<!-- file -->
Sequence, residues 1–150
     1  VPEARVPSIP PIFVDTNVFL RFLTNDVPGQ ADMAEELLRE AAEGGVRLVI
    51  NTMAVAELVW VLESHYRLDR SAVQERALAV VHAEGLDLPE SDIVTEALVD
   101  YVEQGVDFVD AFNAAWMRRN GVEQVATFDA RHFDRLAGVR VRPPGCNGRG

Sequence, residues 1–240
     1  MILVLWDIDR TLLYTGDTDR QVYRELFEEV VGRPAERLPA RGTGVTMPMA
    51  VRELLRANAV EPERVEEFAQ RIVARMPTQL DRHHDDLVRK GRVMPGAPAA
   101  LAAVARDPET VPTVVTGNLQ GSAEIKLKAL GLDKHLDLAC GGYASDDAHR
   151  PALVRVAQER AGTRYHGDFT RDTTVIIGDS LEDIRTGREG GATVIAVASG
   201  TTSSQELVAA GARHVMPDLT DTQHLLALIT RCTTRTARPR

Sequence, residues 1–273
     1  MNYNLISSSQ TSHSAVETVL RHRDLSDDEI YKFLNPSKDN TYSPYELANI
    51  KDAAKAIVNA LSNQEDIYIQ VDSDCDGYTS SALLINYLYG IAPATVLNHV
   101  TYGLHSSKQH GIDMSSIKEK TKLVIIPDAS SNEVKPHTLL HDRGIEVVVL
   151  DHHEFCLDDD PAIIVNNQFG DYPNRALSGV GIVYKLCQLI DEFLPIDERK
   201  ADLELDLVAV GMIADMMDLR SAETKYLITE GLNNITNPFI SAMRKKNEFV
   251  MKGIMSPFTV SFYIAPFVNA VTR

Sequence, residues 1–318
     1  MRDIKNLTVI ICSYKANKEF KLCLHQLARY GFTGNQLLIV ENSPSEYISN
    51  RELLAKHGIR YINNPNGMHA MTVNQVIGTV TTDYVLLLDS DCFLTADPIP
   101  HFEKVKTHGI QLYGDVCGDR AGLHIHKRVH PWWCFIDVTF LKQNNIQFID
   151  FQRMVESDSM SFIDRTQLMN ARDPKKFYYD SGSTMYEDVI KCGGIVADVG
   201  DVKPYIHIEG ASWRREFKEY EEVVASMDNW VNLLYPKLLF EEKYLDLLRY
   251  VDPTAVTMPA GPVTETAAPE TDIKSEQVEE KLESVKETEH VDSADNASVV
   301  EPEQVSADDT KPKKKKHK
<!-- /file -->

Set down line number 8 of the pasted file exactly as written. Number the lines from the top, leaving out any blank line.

   101  LAAVARDPET VPTVVTGNLQ GSAEIKLKAL GLDKHLDLAC GGYASDDAHR